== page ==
NEW YORK (TheStreet) -- Citigroup (C) should keep trudging through the sludge toward its goals of becoming a slimmer bank and working through large consumer credit losses without being distracted by Bank of America's (BAC) plan to pay back $45 billion in bailout funds.
Citigroup has been back above the fold in recent days as media outlets speculate when and how the ailing institution will break free from its TARP shackles, given Bank of America's surprising announcement last week.
According to media reports on Monday, Citigroup, which also received $45 billion worth of bailout funds, has little more than a week to begin a capital-raising effort to repay government-owned trust preferred securities, otherwise it will have to wait until after it reports its fourth-quarter results in mid-January.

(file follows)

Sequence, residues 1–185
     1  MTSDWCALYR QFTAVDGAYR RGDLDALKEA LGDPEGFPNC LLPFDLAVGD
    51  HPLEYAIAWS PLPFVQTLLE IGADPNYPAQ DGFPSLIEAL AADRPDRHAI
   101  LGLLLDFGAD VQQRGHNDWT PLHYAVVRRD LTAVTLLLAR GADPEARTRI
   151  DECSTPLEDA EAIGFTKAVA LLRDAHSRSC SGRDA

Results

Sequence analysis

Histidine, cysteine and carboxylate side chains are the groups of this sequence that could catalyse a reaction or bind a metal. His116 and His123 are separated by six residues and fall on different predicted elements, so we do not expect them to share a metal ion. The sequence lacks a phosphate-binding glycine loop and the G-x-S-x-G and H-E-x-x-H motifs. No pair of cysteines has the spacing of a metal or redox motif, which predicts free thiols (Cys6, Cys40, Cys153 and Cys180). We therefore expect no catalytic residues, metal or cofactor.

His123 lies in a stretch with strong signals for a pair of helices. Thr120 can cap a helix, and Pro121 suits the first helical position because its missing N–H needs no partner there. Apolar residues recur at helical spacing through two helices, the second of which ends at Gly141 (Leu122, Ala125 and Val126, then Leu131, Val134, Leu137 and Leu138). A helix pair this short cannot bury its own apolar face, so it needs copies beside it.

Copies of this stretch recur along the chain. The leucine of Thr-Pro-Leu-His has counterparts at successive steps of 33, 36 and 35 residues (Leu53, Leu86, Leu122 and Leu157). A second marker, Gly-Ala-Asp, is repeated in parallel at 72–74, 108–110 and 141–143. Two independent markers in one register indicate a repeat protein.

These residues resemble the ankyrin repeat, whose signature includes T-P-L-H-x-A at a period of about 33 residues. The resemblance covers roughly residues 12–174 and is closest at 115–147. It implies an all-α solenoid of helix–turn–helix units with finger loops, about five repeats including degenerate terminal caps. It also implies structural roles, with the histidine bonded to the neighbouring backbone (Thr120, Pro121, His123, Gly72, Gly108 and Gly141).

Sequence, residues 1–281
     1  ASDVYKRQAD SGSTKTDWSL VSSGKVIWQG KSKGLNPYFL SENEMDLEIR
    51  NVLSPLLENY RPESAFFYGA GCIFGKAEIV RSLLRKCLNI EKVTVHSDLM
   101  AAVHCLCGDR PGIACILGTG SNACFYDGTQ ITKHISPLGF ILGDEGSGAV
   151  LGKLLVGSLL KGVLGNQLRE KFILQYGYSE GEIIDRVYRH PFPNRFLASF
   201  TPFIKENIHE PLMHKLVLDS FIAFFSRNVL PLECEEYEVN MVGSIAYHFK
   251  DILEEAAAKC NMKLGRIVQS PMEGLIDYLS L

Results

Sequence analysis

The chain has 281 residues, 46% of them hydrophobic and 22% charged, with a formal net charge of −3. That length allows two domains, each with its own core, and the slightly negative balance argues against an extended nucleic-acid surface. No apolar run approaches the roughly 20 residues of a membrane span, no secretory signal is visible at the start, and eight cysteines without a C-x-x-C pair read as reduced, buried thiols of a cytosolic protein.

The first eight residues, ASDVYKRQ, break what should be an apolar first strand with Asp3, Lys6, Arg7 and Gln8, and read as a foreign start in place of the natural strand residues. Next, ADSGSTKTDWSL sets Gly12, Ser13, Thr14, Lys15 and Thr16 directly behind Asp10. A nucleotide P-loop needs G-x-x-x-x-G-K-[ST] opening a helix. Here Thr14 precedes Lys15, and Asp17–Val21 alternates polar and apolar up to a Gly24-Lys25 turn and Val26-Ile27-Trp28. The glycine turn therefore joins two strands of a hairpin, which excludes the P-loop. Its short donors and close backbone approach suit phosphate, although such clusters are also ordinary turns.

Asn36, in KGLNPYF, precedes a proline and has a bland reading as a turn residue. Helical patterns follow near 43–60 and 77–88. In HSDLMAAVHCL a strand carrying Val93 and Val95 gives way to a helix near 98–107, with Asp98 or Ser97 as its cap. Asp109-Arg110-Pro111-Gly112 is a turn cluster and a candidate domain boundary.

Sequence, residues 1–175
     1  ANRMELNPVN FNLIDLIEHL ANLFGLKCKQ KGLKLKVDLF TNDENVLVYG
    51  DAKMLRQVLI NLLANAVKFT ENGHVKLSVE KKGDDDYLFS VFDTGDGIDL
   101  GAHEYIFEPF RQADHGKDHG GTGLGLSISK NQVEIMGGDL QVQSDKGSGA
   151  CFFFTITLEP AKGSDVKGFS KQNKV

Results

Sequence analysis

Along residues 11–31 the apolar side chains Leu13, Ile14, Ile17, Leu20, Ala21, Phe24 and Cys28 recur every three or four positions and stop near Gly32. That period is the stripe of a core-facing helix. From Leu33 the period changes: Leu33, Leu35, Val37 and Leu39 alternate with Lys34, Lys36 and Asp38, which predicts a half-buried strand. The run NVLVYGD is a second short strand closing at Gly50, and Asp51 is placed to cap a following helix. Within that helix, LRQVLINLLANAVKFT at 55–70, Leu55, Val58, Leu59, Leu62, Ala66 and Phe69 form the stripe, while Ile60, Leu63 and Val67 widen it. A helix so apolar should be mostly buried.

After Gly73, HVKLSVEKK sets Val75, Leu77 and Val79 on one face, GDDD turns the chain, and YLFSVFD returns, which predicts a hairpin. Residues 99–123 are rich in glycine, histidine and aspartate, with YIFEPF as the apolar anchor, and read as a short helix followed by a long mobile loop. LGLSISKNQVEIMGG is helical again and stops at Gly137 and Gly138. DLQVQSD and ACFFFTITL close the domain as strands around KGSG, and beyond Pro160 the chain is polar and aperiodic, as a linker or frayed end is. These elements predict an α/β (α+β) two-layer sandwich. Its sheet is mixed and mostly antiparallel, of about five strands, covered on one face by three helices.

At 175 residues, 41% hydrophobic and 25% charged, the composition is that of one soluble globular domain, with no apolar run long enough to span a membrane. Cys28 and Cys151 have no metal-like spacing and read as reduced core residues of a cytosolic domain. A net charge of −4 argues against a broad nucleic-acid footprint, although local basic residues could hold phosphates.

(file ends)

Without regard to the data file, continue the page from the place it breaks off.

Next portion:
The Treasury Department owns 33% of Citigroup's common equity through a conversion of $25 billion worth of preferred stock earlier this year. That stake, originally part of the company's TARP funding, is now the government's to sell. What's left for Citigroup to repay is about $27 billion worth of trust preferred securities ($7 billion of which is associated with the asset guarantee program Citigroup agreed to last year) and roughly $465 million in warrants associated with its investment, according to David Trone, an analyst at Macquarie Capital.CEO Vikram Pandit has said that paying back TARP is a priority for the company along with returning to "sustained profitability." Reports have come out recently noting that Citigroup's management is growing frustrated by being restricted from paying back the TARP funds. At present, the company does not have the resources to buy the preferred stake back and would likely have to raise $6 billion in common equity, Trone estimates, a move that would further dilute shareholders.
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